- Maunder , Edward Walter
- (1851–1928) British astronomerMaunder, who was born in London, took some courses at King's College there but did not obtain a degree. After working briefly in a bank he became photographic and spectroscopic assistant at the Royal Observatory, Greenwich, in 1873. Maunder's appointment allowed Greenwich to branch out from purely positional work, for Maunder began a careful study of the Sun, mainly of sunspots and related phenomena. After 1891 he was assisted by Annie Russell, a Cambridge-trained mathematician, who must have been one of the first women to be so employed. She became his wife in 1895.It had been known since 1843 that the intensity of sunspot activity went through an 11-year cycle. In 1893 Maunder, while checking the cycle in the past, came across the surprising fact that between 1645 and 1715 there was virtually no sunspot activity at all. For 32 years not a single sunspot was seen on the Sun and in the whole period fewer sunspots were observed than have occurred in an average year since. He wrote papers on his discovery in 1894 and 1922 but they aroused no interest.More sophisticated techniques developed in recent years have established that Maunder was undoubtedly correct in the detection of the so-called Maunder minimum. Also, the realization that the period of the minimum corresponds to a prolonged cold spell suggests that Maunder's discovery is no mere statistical freak. It may throw light on the Sun's part in long-term climatic change and on possible variations in the processes within the Sun that produce the sunspots.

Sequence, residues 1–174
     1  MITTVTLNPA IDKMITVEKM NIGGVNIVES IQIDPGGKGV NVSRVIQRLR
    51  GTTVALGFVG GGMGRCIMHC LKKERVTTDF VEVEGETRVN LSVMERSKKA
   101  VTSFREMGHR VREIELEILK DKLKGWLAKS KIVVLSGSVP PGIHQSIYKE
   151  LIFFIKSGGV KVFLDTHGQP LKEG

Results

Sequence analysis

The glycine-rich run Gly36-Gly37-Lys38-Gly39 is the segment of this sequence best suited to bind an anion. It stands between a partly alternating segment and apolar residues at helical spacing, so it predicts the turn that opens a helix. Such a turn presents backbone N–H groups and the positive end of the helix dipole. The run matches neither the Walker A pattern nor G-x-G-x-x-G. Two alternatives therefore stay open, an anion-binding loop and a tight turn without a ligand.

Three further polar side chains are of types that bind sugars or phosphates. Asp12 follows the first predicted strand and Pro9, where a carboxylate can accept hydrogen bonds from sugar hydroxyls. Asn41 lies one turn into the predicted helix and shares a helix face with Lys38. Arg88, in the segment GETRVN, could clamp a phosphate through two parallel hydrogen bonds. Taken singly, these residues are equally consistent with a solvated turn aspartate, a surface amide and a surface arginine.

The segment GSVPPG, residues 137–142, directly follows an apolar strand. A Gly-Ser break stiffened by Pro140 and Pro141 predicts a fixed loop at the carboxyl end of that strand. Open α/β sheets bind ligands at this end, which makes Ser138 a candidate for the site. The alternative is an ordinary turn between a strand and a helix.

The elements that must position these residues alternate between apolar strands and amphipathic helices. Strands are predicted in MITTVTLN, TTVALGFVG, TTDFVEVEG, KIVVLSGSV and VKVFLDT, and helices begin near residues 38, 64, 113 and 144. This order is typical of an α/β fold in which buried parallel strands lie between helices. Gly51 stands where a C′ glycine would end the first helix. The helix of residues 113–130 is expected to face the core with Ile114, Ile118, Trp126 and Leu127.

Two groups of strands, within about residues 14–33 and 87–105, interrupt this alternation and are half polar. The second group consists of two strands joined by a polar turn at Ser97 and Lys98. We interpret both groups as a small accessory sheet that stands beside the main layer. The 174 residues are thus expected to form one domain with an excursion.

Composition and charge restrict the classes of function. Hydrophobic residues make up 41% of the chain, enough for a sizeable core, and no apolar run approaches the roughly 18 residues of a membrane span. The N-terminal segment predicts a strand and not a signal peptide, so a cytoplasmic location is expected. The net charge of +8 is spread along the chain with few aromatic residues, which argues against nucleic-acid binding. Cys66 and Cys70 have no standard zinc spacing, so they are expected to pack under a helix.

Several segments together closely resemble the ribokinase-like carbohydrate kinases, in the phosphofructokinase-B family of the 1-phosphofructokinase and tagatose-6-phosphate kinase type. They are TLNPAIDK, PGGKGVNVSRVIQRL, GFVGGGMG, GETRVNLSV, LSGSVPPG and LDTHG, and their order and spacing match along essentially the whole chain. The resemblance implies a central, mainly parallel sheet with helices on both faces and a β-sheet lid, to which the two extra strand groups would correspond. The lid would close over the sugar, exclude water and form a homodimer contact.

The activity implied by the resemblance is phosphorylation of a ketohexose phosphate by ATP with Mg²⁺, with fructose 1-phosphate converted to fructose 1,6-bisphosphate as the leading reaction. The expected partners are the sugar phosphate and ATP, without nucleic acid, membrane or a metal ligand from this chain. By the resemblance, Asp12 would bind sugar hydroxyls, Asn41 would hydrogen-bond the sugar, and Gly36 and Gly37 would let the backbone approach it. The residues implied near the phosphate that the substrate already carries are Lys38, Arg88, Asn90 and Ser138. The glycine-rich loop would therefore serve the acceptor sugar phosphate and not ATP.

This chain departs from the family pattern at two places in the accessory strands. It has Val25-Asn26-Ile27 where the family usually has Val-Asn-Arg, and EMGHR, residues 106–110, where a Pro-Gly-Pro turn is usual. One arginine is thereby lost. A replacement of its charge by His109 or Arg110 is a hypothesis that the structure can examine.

Scientists. Academic. 2011.